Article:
We get a large number of separation reports indicating “Inability to meet company standards” as the reason for termination. You have to understand that this language, as the reason for termination, is not a protestable claim! The bigger problem is when to use this terminology because it is not being used properly. Let me explain. When an employee simply cannot do the job (can’t walk and chew gum) the reason for separation is inability to meet company standards. It’s merely poor work performance and the employee would be eligible for unemployment insurance benefits.
Employers have a tendency to use the inability to meet company standards category when the employee violates an established rule (or from the employers perspective-a company standard). If it is truly a violation of a company rule, then the employee should be warned using progressive discipline unless the infraction is so severe it does not warrant a warning.
Another terminology that is misused (once again) is the “At-will” statement. Employers continue to use this as the reason for separation. NEVER use this on a separation report. When our staff receives this as the reason for separation it forces us to contact you for the additional information as to the underlying circumstances surrounding the reason for discharge. The At-will statement is a legal definition not having anything to do with unemployment benefits. The unemployment offices could care less. It only applies, as a concept, to wrongful termination claims that are based upon a breach of the covenant of good faith and fair dealing (as an example, an employer violating their own policies found in or out of their employee handbook) and not violations of public policy (discrimination claims, retaliation etc.). As you can see it is used for a very limited purpose and only applies in a limted set of circumstances.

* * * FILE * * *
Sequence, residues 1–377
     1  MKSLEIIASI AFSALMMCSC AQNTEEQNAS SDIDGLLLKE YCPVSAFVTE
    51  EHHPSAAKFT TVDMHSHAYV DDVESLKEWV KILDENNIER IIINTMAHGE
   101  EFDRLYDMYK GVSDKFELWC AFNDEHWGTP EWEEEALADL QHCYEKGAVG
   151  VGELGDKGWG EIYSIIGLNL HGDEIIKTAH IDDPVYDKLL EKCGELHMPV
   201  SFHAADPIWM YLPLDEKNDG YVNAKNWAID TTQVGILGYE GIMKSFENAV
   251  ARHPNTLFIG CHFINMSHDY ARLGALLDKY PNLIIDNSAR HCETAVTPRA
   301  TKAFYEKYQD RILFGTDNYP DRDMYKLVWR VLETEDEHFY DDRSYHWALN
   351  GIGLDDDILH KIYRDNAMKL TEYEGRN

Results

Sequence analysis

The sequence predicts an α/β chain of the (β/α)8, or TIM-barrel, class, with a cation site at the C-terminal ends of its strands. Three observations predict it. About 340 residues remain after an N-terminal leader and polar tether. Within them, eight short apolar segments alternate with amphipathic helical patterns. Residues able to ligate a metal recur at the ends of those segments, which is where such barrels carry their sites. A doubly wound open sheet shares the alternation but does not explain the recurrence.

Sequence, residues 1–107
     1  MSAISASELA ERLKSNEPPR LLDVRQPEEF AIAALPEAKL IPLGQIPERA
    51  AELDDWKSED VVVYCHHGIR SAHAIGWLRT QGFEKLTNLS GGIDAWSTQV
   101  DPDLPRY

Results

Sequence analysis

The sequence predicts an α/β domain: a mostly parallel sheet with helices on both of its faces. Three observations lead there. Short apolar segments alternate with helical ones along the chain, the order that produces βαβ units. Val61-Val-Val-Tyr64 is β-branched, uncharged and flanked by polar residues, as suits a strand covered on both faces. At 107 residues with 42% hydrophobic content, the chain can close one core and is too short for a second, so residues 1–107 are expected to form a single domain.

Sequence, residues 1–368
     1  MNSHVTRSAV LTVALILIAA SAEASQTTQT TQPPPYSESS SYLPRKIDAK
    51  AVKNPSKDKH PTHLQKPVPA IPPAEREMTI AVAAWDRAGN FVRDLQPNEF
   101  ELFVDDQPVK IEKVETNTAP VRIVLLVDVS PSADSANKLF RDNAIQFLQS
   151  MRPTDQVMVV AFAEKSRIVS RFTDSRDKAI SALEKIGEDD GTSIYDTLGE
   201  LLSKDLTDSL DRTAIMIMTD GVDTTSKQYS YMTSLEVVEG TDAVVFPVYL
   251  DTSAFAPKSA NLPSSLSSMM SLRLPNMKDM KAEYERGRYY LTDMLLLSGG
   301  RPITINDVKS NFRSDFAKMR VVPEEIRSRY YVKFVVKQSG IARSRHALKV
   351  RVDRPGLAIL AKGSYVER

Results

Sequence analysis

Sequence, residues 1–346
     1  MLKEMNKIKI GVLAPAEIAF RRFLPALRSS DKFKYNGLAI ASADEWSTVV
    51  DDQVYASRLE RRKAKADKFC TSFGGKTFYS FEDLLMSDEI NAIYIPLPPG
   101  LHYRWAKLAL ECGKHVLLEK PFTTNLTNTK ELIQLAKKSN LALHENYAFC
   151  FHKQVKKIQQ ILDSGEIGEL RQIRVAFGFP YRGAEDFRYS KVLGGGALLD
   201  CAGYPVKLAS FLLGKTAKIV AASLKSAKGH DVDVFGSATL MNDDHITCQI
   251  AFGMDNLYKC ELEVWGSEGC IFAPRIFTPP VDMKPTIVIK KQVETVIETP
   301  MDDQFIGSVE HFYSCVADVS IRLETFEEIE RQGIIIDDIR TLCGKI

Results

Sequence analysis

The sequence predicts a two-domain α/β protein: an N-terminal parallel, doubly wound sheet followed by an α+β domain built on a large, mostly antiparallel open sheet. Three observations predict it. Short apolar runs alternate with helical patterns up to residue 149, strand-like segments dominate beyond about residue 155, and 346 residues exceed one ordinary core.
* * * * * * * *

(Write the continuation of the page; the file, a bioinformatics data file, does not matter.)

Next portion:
It’s important to understand how we process unemployement claims. When the claims come in we separate out the claims that are not protestable and merely enter them into the system for auditing purposes only. Included in that process would be the separations that indicate inability to meet company standards. If you want us to take a second look at the reason why the person was discharged never put inability to meet company standards. We have had circumstances where the employer really wanted us to protest a claim but because of how the information was conveyed to us it didn’t happen. If anyone needs any further clarification on any of these points please contact me or Maria.